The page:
Security Assistance to Egypt: End-Use Monitoring and Leahy Vetting

Posted: 12:03 am ET

Via gao.gov:

U.S. agencies allocated approximately $6.5 billion for security-related assistance to Egypt in fiscal years 2011 through 2015. As of September 30, 2015, over $6.4 billion of the $6.5 billion total had been committed or disbursed. The majority of the funding (99.5 percent) was provided to Egypt through the Department of State’s (State) Foreign Military Financing (FMF) account. The funds from this account were used to purchase and sustain a wide variety of military systems, including F-16 aircraft, Apache helicopters, and M1A1 tanks.

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via goa.gov

via gao.gov

The Departments of Defense (DOD) and State implemented end-use monitoring for equipment transferred to Egyptian security forces, but challenges including obtaining Egyptian government cooperation hindered some efforts. DOD completed all required end-use monitoring inventories and physical security inspections of storage sites for missiles and night vision devices (NVD) in fiscal year 2015, but DOD lacked documentation showing that it completed physical security inspections for these sensitive items in prior years. Despite agreeing to give access, the Egyptian government prevented DOD officials from accessing a storage site to verify the physical security of some NVDs prior to 2015, according to DOD officials and documents. State conducted 12 end-use checks of U.S. equipment exported to Egypt in fiscal years 2011 to 2015, but State data indicate that the Egyptian government’s incomplete and slow responses to some inquiries limited U.S. efforts to verify the use and security of certain equipment, including NVDs and riot-control items. Despite this lack of cooperation, since 2008, State has not used outreach programs in Egypt that are intended to facilitate host country cooperation and compliance with State’s monitoring program. According to State officials, this was due to the small number of end-use checks conducted in Egypt and the lower priority assigned to Egypt than to other countries.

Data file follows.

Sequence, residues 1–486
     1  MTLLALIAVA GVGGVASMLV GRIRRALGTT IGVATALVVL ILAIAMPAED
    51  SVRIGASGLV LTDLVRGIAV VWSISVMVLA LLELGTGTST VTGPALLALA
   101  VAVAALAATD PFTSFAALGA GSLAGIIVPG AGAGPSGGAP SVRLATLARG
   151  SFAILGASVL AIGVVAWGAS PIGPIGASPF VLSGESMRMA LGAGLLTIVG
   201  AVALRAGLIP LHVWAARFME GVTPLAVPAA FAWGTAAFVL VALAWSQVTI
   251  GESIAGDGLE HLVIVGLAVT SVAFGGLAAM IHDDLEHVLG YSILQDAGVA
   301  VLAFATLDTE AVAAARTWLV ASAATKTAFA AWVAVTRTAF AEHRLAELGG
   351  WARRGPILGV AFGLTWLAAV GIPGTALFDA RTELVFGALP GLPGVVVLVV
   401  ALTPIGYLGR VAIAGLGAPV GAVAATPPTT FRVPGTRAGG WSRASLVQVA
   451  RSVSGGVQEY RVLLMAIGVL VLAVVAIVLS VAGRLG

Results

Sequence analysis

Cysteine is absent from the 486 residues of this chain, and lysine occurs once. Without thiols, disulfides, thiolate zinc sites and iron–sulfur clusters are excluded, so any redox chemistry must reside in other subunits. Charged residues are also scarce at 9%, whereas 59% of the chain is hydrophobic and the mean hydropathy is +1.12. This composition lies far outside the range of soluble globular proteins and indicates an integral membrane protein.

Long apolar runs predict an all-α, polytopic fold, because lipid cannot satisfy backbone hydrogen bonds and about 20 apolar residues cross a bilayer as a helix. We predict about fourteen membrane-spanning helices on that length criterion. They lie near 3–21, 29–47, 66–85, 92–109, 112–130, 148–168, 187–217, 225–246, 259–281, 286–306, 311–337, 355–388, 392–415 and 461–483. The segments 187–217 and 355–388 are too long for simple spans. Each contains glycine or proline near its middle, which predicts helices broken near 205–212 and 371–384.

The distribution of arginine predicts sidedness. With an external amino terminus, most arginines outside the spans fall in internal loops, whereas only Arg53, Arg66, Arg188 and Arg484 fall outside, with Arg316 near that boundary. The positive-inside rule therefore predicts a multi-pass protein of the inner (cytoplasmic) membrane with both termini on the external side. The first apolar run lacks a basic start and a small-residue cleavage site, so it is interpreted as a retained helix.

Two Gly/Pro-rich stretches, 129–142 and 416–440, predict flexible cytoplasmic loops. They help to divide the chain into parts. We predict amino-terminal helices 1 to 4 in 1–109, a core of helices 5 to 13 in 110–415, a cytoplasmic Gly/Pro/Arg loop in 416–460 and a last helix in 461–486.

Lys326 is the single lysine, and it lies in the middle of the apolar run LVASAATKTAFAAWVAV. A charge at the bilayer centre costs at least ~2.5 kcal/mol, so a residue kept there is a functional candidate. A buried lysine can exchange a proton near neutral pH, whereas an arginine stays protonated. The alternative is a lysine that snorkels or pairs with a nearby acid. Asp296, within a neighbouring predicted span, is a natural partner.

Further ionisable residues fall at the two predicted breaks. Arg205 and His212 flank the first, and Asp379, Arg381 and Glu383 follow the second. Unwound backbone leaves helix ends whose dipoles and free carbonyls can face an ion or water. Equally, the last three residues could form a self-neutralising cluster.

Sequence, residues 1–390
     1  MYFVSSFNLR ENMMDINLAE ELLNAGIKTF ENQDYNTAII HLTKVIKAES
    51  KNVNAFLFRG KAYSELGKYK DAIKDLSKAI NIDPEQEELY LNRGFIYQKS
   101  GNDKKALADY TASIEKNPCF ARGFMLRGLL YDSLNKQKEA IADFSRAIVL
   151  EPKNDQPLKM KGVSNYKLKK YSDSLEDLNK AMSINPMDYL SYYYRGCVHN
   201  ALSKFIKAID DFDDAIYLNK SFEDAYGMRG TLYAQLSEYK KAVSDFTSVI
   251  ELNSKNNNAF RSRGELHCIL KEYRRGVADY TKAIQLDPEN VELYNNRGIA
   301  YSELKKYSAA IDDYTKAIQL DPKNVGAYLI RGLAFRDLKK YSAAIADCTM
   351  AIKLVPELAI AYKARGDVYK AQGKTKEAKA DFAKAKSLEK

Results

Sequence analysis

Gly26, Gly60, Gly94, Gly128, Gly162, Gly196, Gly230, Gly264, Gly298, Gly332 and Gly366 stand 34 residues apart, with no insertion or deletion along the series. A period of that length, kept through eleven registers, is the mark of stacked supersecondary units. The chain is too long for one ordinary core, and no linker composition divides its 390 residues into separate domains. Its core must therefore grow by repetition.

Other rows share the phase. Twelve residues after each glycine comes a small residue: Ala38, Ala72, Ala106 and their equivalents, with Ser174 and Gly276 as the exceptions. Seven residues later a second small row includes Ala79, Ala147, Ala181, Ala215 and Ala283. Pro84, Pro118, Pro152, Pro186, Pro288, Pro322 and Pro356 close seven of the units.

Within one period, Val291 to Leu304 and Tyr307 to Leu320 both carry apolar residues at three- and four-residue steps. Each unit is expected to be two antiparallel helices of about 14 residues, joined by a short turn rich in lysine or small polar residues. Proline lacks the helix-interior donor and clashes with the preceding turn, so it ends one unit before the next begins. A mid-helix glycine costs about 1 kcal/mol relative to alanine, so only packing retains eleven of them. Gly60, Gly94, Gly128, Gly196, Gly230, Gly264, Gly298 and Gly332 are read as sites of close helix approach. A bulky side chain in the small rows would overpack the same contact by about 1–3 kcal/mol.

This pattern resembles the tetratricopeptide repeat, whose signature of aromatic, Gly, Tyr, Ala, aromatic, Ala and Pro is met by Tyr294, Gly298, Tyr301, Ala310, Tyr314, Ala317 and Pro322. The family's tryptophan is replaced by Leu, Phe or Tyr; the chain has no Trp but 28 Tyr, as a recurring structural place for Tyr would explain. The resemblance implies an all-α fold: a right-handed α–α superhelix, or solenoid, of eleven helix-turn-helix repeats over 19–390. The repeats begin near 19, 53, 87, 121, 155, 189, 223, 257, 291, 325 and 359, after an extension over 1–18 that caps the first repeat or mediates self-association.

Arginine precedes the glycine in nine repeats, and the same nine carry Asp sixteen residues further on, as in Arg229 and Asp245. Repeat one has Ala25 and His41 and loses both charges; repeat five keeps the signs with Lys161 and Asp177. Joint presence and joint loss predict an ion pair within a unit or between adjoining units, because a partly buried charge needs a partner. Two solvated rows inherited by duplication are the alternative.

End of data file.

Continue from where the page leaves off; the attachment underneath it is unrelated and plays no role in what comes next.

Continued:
The U.S. government completed some, but not all, human rights vetting required by State policy before providing training or equipment to Egyptian security forces. State deemed GAO’s estimate of the percentage of Egyptian security forces that were not vetted to be sensitive but unclassified information, which is excluded from this public report. Moreover, State has not established specific policies and procedures for vetting Egyptian security forces receiving equipment. Although State concurred with a 2011 GAO recommendation to implement equipment vetting, it has not established a time frame for such action. State currently attests in memos that it is in compliance with the Leahy law. However, without vetting policies and procedures, the U.S. government risks providing U.S. equipment to recipients in Egypt in violation of the Leahy laws.

Read in full here.

 

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By the Numbers: Diplomatic Security Hiring and Vetting — 2015

Posted: 3:55 am ET
Updated: Aug 17, 1:19 pm PST

The State Department confirmed to us that the total number of applicants is 10,000 not 10,0000 as indicated in the infographic below. 

Via State/DS

Click image for larger view — via State/DS

 

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Snapshot: Foreign Service Family Member Population Overseas (April 2016)

Posted: 3:02 am ET

Via state.gov/flo – April 2016 report.  The previous report dated November 2015 puts that overseas population at 11,678 with the same breakdown at 77% female and 23% male.